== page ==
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Publication numberUS4600579 A
Publication typeGrant
Application numberUS 06/502,067
Publication dateJul 15, 1986
Filing dateJun 7, 1983
Priority dateJun 7, 1983
Fee statusPaid
Also published asCA1221308A1, DE3474631D1, EP0130683A2, EP0130683A3, EP0130683B1, EP0130683B2
Publication number06502067, 502067, US 4600579 A, US 4600579A, US-A-4600579, US4600579 A, US4600579A
InventorsAnil M. Salpekar, Steven R. Freebersyser, Douglas A. Robinson
Original AssigneeMallinckrodt, Inc.
Export CitationBiBTeX, EndNote, RefMan
External Links: USPTO, USPTO Assignment, Espacenet
N-acetyl-p-aminophenol compositions containing partially gelatinized starch and method for preparing same
US 4600579 A
Abstract
An N-acetyl-p-aminophenol composition capable of being directly formed into a tablet having high hardness, short disintegration time and short dissolution time is disclosed. The composition includes N-acetyl-p-aminophenol, a pharmaceutically acceptable partially gelatinized starch, a pharmaceutically acceptable lubricant, water and optionally an auxiliary binder, an auxiliary disintegrant or both of these optional components. Also disclosed is a method for preparing the essential components (and optional components if desired) and spray drying the slurry.
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Claims(16)
What is claimed is:
1. A method for preparing a direct tabletting, free-flowing particulate N-acetyl-p-aminophenol composition capable of being directly formed into a tablet having high hardness, short disintegration time and short dissolution time, said method comprising:
(a) forming a slurry containing components dispersed substantially uniformly throughout an aqueous medium, said components comprising:
(A) N-acetyl-p-aminophenol in an analgesic amount,
(B) a pharmaceutically acceptable partially gelatinized starch having a Percent Gelatinization of from about 50 to about 75% and in an amount effective for imparting said hardness, disintegration time and dissolution time, and
(C) a pharmaceutically acceptable lubricant in an amount at least sufficient to impart effective mold release properties to said tablet, the total of the amounts of said components being such that the slurry concentration is approximately 35-60% by weight, and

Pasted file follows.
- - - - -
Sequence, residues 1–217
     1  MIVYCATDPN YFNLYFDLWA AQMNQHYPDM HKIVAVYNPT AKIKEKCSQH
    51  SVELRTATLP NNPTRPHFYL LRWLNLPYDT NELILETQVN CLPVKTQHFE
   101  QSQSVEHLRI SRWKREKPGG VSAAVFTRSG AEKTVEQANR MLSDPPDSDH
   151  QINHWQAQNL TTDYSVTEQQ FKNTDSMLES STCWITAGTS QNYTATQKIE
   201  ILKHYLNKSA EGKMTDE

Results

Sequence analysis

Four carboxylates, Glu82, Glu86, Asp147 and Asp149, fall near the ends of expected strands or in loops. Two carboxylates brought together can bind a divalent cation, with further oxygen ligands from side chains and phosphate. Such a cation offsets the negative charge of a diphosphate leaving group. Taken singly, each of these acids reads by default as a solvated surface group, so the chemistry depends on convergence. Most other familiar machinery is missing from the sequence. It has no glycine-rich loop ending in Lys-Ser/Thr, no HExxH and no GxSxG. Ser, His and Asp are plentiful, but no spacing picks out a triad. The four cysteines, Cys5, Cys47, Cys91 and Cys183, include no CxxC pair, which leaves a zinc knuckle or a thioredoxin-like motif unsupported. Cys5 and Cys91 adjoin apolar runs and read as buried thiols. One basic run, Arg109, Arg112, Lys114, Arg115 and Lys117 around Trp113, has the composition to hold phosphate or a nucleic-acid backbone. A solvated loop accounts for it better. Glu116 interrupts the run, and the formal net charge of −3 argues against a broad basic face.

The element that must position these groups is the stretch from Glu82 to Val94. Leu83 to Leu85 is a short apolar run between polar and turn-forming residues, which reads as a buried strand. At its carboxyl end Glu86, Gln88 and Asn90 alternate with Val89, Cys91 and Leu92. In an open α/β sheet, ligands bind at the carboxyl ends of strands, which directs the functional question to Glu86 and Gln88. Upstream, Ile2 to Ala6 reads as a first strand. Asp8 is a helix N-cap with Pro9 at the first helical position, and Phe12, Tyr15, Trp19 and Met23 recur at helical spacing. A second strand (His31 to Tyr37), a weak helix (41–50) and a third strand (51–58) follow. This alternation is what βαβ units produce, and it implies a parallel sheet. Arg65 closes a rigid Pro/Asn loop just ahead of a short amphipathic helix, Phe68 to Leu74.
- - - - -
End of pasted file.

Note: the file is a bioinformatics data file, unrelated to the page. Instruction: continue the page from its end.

(b) spray drying said slurry under spray drying conditions such that the spray dried particles include water in an amount from about 0.5 to about 1.5% based on the total weight of the composition and such that the composition is at least substantially the same as a composition selected from the group consisting of (i) a first composition obtained when said slurry is co-currently spray dried at a slurry feed rate of about 400 kilograms per hour under the following approximate spray drying conditions: inlet temperature--300° F.-600° F., outlet temperature--150° F.-250° F. and atomization pressure--1000-4000 psi, and (ii) a second composition obtained when said slurry is counter-currently spray dried at a slurry feed rate of about 10 kilograms per hour under the following appromximate spray drying conditions: inlet temperature--375° F.-600° F., outlet temperature--150° F.-250° F., atomization pressure--22-35 psi and slurry feed pressure--45-60 psi,
said components being distributed throughout the particles of each of said first and second composiitions such that at least a portion of said lubricant is dispersed within said last-mentioned particles and at least a portion of the lubricant is disposed on the outer surfaces of said last-mentioned particles.
2. The method of claim 1 wherein the slurry is formed and maintained under forming and maintaining conditions including sufficiently low shear to avoid increasing said Percent Gelatinization above about 75%.
3. The method of claim 1 wherein said conditions under which said slurry is spray dried include co-current spray drying and the conditions set forth for said first compostion.
4. The method of claim 1 wherein said conditions under which said slurry is spray dried include counter-current spray drying and the conditions set forth for said second composition.
5. A direct tabletting, free-flowing particulate N-acetyl-p-aminophenol composition capable of being directly formed into a tablet having high hardness, short disintegration time, and short dissolution time, the composition comprising as components thereof:
(A) N-acetyl-p-aminophenol in an analgesic amount,
(B) a pharaceutically acceptable partially gelatinized starch having a Percent Gelatinization of from about 50 to about 75% and in an amount effective for imparting said hardness, disintegration time and dissolution time,
(C) a pharmaceutically acceptable lubricant in an amount at least sufficient to impart effective mold release properties to said tablet, and
(D) water in an amount from about 0.5 to about 1.5% based on the total weight of the composition,
said components being distributed throughout the particles of said composition such that at least a portion of said lubricant is dispoersed within said particles and at least a portion of the lubricant is disposed on the outer surfaces of said particles, said composition prepared by the method of claim 1.